Just can’t get enough wind energy this month. NPR featured  (recently mentioned here) T. Boone Pickens, the venerable Texas oilman, and his plans to put 2500  wind turbines in the Texas panhandle–enough to power 1.3 million homes. He is a big advocate of using more wind energy to reduce our dependence on foreign oil by making more natural gas–currently used to generate electricity–available for powering transportation. Pickens points out a study citing that the land available in North Dakota for wind turbines–if used for that purpose–might be enough to power the entire USA.

And for those of you who are still stuck on the idea that wind turbines are ugly, you can soon try on a hot little number designed by French designer Philippe Starck. He’s designed a plastic wind turbine that can generate 20 to 60 percent (!) of your home electricity needs. NPR reports that it will be available later this year for only \$630.  Maybe you should run down to your local wind boutique to make sure you’re on the list for this one. Fashion forward AND eco-friendly. How hip are you gonna be this fall?

 photo credit: CoreBurn

Speaking of wind, hurricane season is now in session, which means we’re also thinking a lot about the Gulf of Mexico – which is also closely related to our current energy crisis.

Offshore drilling on the Offshore Continental Shelf – (OCS) is an important factor in the equation which determines the cost of gasoline. Now you can actually keep an eye on the Minerals Management Service web site to see how the weather is effecting oil production in the GUlf of Mexico. For safety reasons, offshore oil rigs are shut down during dangerous conditions. But don’t worry too much, there are numerous procedures in place to make sure hurricanes don’t cause oil leaks.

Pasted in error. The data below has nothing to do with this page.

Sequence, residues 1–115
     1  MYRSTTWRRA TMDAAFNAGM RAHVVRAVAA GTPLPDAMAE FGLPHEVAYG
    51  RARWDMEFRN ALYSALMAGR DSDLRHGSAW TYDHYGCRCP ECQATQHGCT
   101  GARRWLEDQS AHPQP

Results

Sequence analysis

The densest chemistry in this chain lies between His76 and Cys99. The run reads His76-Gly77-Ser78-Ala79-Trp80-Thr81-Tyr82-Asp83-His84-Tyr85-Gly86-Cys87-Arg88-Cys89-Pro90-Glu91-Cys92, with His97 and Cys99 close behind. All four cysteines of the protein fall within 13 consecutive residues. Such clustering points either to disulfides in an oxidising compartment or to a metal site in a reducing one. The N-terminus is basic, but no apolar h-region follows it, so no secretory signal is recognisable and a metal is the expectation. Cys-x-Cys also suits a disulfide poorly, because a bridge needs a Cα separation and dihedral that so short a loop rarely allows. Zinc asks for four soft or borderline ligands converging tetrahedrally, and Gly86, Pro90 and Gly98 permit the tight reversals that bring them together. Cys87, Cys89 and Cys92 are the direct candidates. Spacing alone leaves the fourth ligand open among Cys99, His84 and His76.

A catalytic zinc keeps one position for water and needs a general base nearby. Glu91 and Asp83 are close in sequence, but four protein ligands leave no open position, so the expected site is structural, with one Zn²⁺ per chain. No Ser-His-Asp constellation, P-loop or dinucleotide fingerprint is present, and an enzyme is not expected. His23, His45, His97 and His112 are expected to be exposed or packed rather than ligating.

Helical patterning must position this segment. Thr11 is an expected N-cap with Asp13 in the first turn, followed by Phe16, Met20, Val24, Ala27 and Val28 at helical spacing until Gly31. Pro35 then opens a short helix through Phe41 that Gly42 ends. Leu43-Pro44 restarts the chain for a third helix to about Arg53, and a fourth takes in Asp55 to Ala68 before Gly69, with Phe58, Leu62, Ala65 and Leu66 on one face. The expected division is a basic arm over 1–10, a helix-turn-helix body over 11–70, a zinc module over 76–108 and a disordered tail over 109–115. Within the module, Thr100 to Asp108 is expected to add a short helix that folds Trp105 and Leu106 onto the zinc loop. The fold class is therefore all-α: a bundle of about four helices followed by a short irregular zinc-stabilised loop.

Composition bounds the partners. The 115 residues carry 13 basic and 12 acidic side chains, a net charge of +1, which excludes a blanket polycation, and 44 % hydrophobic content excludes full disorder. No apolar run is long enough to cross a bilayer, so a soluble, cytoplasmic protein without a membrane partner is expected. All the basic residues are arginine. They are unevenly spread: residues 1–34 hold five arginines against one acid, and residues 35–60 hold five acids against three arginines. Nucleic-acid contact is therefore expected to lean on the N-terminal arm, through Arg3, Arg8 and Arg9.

# Blowing away the alternative: a case for wind power

Following up on his previous post, Wiess Energy Hall Master Docent Julian Lamborn shares his case for the further development of wind power in the US:

 photo credit: s2art

If coal-fired power stations were to be forced to sequester their greenhouse gases then production of electricity from wind generators would be cheaper than from coal.  There are optimists who believe that the present USA wind generating capacity could be raised from 1% of the country’s electricity needs to 20% (although 5% to 7% by 2020 is believed by most to be a more realistic number, particularly since some of the Federal subsidy programs for wind generators are scheduled to run out at the end of 2008!)